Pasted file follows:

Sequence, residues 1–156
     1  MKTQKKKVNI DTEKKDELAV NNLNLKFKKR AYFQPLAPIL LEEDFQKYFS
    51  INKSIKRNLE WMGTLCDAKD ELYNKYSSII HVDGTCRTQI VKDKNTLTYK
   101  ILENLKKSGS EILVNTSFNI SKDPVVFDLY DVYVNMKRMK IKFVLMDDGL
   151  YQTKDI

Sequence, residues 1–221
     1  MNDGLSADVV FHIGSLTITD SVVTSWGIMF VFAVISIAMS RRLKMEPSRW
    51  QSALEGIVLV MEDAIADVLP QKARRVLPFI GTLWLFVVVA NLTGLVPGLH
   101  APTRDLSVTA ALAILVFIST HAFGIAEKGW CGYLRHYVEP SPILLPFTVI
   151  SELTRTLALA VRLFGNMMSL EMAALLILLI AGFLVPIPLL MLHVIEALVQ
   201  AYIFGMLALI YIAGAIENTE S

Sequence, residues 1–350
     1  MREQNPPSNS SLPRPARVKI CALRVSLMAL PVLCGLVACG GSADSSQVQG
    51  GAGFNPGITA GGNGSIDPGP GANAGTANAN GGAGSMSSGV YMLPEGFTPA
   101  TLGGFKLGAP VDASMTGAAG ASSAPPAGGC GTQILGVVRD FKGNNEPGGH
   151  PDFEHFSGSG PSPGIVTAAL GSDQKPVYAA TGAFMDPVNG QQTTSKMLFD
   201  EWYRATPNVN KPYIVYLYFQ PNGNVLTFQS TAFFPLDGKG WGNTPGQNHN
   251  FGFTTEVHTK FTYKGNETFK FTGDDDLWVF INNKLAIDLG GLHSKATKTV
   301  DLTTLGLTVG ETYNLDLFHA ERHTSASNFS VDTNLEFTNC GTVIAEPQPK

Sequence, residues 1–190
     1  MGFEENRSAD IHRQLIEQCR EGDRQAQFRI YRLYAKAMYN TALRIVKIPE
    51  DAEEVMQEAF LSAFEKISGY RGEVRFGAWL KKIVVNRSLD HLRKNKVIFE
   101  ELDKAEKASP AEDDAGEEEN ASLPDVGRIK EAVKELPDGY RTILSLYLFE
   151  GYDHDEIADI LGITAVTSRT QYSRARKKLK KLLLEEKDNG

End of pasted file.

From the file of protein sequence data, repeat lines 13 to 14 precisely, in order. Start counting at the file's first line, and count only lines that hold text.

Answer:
     1  MREQNPPSNS SLPRPARVKI CALRVSLMAL PVLCGLVACG GSADSSQVQG
    51  GAGFNPGITA GGNGSIDPGP GANAGTANAN GGAGSMSSGV YMLPEGFTPA